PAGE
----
• Business plan. More common with banks and credit unions, some online lenders ask for a business plan — or at least financial projections.
  • Profit and loss statement. This breaks down your company’s net revenue and helps your lender verify how much debt your business can afford to take on.

Business loan alternatives

Don’t think you’ll qualify for a business loan? Explore alternative options for borrowing.

AlternativeBest forHow it works
Personal loanEntrepreneurs and business owners with good credit and high incomeTake out a term loan in your name based on your personal creditworthiness. Remember that you will be personally responsible to pay back a personal loan.
Business grantsNonprofits, tech industry
businesses owned by women or minorities, businesses located in economically disadvantaged areas
Complete an application for funding from the government or a private organization. You don’t have to pay it back, but grants tend to be smaller than loans and more difficult to qualify for.
Investor financingStartups and potentially highly profitable businesses with a plan to expandSell a percentage of your business’s ownership — it’s equity — to venture capitalists in exchange for upfront financing.
CrowdfundingBusinesses and entrepreneurs with a strong social media presenceSet up a campaign asking for small donations from your friends, family and social network. Many platforms take a percentage of the funds you raise as a fee.
Friends and familyBusiness owners and entrepreneurs with friends and family interested in investingSet up an informal agreement or use services like Loanable to make a formal loan contract outlining the terms and conditions for paying back a family loan.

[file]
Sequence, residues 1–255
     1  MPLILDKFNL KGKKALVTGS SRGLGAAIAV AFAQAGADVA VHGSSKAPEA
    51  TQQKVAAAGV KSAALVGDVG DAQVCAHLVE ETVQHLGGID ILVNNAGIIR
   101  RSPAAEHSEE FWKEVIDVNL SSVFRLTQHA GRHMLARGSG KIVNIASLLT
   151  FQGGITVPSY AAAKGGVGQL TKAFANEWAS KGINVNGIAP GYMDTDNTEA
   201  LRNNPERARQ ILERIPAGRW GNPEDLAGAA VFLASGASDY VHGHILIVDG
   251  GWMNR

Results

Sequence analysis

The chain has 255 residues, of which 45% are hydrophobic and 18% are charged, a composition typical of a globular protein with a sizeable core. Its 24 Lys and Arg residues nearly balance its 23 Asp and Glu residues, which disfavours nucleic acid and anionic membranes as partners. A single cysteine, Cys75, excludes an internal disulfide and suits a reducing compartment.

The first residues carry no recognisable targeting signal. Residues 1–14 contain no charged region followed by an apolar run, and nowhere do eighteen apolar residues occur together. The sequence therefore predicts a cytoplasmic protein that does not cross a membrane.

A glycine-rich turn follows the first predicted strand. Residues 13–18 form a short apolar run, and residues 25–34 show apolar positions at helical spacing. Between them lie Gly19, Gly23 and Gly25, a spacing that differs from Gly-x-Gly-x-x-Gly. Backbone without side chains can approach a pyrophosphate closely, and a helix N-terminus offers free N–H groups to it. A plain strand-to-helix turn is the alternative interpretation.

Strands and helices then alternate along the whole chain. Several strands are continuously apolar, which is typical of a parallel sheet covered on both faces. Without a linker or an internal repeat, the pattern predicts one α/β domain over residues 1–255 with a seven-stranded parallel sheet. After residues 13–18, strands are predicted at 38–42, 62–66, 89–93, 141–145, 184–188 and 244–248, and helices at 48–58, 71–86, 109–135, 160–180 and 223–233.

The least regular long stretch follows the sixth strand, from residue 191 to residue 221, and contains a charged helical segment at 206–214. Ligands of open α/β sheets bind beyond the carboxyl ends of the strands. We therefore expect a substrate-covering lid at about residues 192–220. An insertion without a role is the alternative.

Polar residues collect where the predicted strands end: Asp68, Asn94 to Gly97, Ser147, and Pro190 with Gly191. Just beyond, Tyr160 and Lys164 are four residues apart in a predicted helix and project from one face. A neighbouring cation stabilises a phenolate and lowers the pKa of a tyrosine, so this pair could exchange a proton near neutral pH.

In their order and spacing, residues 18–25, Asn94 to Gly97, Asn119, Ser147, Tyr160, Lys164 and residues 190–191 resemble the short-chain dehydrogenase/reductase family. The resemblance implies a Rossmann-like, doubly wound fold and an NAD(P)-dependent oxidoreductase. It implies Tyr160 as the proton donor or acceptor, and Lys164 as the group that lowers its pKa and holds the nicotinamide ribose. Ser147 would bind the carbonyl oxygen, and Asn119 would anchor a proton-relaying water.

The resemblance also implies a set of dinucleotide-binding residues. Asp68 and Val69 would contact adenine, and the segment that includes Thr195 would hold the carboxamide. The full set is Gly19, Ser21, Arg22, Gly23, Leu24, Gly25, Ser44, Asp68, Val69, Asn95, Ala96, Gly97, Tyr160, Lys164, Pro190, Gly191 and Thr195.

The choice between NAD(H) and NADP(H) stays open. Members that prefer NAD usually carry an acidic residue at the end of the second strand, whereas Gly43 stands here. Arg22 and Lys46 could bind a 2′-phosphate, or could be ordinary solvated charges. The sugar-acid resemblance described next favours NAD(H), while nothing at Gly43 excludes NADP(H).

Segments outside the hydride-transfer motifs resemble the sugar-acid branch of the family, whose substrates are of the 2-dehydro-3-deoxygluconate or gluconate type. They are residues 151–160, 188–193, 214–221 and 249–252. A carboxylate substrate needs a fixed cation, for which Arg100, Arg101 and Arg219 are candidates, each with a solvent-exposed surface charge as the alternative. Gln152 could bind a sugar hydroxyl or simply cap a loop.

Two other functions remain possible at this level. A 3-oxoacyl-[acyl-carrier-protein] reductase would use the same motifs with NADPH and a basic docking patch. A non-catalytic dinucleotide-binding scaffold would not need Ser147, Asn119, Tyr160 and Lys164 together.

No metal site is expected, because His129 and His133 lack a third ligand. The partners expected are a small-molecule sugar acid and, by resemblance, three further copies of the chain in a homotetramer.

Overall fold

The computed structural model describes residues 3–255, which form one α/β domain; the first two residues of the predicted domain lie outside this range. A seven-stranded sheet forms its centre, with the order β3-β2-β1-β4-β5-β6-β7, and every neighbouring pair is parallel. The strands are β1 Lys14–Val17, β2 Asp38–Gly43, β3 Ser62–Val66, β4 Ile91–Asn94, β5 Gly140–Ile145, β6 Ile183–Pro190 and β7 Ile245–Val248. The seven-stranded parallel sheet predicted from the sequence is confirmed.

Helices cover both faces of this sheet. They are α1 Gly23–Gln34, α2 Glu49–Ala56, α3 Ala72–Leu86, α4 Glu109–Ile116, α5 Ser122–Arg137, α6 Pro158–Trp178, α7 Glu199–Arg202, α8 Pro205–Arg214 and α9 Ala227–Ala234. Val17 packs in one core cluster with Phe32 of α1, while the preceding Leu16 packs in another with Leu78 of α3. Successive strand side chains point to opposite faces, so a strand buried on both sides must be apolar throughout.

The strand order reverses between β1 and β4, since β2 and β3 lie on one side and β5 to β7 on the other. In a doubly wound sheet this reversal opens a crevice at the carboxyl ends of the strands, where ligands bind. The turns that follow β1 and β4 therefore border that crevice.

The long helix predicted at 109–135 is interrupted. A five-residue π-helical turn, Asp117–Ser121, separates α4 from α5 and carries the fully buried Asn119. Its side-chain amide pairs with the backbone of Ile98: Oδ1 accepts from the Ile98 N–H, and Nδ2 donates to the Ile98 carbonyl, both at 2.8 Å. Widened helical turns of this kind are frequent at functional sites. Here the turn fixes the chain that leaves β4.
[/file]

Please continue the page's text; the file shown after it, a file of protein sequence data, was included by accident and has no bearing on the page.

Small business loan glossary

Definitions

A to H

Accounts receivable. Money that a company is owed by its clients, usually in the form of outstanding invoices. This counts as an asset.

Accounts payable. Money that a company owes a supplier, vendor or another source when it purchased goods or services on credit. These count as a liability.

Asset. Anything of value that a person or business owns or buys, as well as the money they are owed (accounts receivable).

Bridge financing. A high-interest short-term loan, usually two weeks to three years to cover gaps in longer-term financing. Typically used to cover the initial costs of a project or change to a business that hasn’t yet been finalized.

Business assets. Generally, business assets refer to property or equipment that a business owns, including inventory, real estate, securities and accounts receivable.

Daily holdback. When a creditor takes a percentage of a business’s daily sales as repayment for a cash advance.

Cash flow. The amount of money going into a business, minus the amount of money going out. Positive cash flow means that you have enough money to cover your expenses. When you get into negative territory, you might need a working capital loan to keep afloat.

Debt-service coverage ratio (DSCR). Also, debt coverage ratio. A business’s cash flow (usually the net operating income) divided by debt service payments (loan repayments and leases). Used by creditors to determine how able a business is to repay a loan (similar to a debt-to-income ratio).

Gross profit. The total amount a business made, minus the cost of producing goods or delivering a service.

I to P

Lien. A legal agreement that allows a creditor to take certain assets if the borrower is unable to repay a loan. A form of collateral.

Microloan. A small loan — typically less than $35,000 — that can help cover small expenses when a business is getting off the ground.

Net income. The difference between how much a business makes and how much it costs to run.

Net operating income. The difference between a business’s profits and its expenses, taxes and interest.

Payback period. The estimated amount of time it will take for a business to repay a cash advance — similar to a loan term.

Personal guarantee. A promise to repay a loan if the business is unable to, usually backed by your personal assets.

Q to Z

Working capital. Money used to cover the cost of a business’s day-to-day operations.

Frequently asked questions